I’ve been back from Ethiopia for a month now, and as of yet I haven’t done a blog post of just photos. Usually I’ve done one by now. As I looked through some of my favorites, I realized there is going to have to be more than one blog of just photos. I simply have so many I’m happy with. This was my first trip to southern Ethiopia, and all of the following pictures are either from Borana, Arba Minch, or somewhere in between. Enjoy.
I am back in the land of the internet. I’ve spent the last few days in the Borana region of southern Ethiopia. The Petros Network was invited here just in the last couple years to partner with a largely forgotten people, and I can say that the transformation that I’ve seen happening is truly incredible. Whole villages are changing for the good in tangible ways through the power of the gospel. We look at the people there, and they are so young that your initial thought is that they aren’t capable of changing the world, but thank God, we are being proven wrong again and again.
I will have stories to tell later as I go through the pictures and interviews from this past couple weeks, but for now I have pictures from both Arba Minch and the Borana region. Usually I have a few photos that I know are going to be some of my all time favorites, but this time there are just so many I’m happy with that it’s going to take me a while. Enjoy these for now, and soon I’ll have more.
Today was not a people day, it was a travel day, so the pictures will reflect that. I took two short flights and landed this afternoon in the city of Arba Minch in Southern Ethiopia. Tomorrow we hit the road, but for today, we were able to recharge a bit. I have to say, this is one of the most beautiful places I’ve ever been, and that’s saying a lot.
Unfortunately I only get to spend one day here, but please enjoy these pictures from this amazing place, including one very atypical picture of Kifle swinging on a vine in the forest.
It’s been a year now since I was in Africa, and next week I go back. Once again, I’ll be going to Ethiopia. I’ll be taking my camera, not to show pictures of miserable children and flies as some like to do, but to capture a realistic picture of life; to bring awareness not only of the struggles but also the triumphs that people have on a daily basis. My goal is to capture the heart of the people and communicate what commonalities tie us all together on both sides of the ocean. I’m looking forward to seeing old friends, both from Ethiopia and North America.
I’ll be traveling to two different regions, one of which I have not yet been to. I will try to keep blog posts going as I travel, though internet is not always a possibility, so there may be gaps. I may not be able to be specific about where I am at times for various reasons, but I will be traveling to the East and the South. It’s been five years since I was in South Sudan, and the southern region I’m going to will be the closest I’ve been to that country since then. I’m curious to see how the two regions compare, so in that spirit, I’m posting pictures from South Sudan today. We’ll see if there are any similarities when I get to Southern Ethiopia. Until next time, please enjoy the photos.
Though I’m not quite home from Ethiopia, I am nevertheless sitting in a Canadian airport where there is good wifi. I had intended to blog while I was in Ethiopia, but I’ve been up in the mountains with very limited internet access, at least on my IPad. This trip has been many things; exhausting, thought-provoking, fullfilling, and hard. It put me way out of my comfort zone at times, which I would have previously said was a hard thing to do. I will be writing about these things in the future, but as is my tradition, my first blog when coming back into the country is one I don’t have to think about very hard. So you get pictures this time, which is what a lot of you are looking for anyway. Many of these I will write about in the future, but for now, you’ll just have to wonder and use your imagination.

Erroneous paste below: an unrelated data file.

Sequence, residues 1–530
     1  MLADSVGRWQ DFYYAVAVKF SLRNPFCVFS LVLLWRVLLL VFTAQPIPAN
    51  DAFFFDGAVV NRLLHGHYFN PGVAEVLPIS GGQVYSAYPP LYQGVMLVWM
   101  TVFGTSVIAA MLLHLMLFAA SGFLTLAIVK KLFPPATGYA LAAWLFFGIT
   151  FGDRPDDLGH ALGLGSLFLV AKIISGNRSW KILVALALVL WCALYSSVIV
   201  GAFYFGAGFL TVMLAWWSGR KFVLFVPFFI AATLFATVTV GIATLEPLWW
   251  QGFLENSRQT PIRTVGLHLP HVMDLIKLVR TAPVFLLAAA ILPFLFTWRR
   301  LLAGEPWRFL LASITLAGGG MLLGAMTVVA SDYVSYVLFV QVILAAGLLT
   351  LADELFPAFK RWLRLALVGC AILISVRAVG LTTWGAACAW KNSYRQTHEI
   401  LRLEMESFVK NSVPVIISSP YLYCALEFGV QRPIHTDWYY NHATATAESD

As is my tradition, before I take a trip overseas, I write a test blog from my iPad. The interface is a bit different on a mobile device than on a computer, so I like to write at least one blog from the iPad to work out any kinks while I have access to power and bandwidth.
Saturday I leave for Ethiopia. This is also the time when a hurricane is predicted to be passing through, but we will pray against that. If Jesus commanded the wind and the waves, and we are acting in his authority, then so can we.
We are traveling to Ethiopia to do the finishing work on the Tesfa Center, which is a center designed to give destitute widows in the rural countryside a place to work and sustainably support both themselves and their children. James 1:27 came to mind today. It says, “Pure and undefiled religion before God is this: to look after widows and orphans in their distress and to keep oneself unspotted by the world.” We have been given the awesome opportunity to do this. Notice that is not enough to be unspotted by the world? There are also things that must be done. Likewise we are not just called to be busy. Faith without works is dead, just as works without faith will not save us. By faith we show gratitude to the God that selflessly gave himself for us, that while we were yet sinners he died for us. We in turn should live as ransomed people. As God gave his life for us, we return it by giving ours back.
So long as I have internet I plan to give updates while I’m gone. Finally, I leave you with a picture of one of the widows we are going to minister to.
One of the most profound music lyrics I’ve heard is from, oddly enough, a song called “American Cheese”. One of the lines is, “And I know that, where the chains of doom are kept, I find my shoes.” I know there are those out there who believe that people are inherently good, and they’re welcome to their opinion. I’ve never taken to the Star Trek version of humanity, that we’ll just keep getting better on our own. I’ve seen too much with my own eyes to believe such fluff. I’m more of the opinion that “Lord of the Flies” had it much more accurately.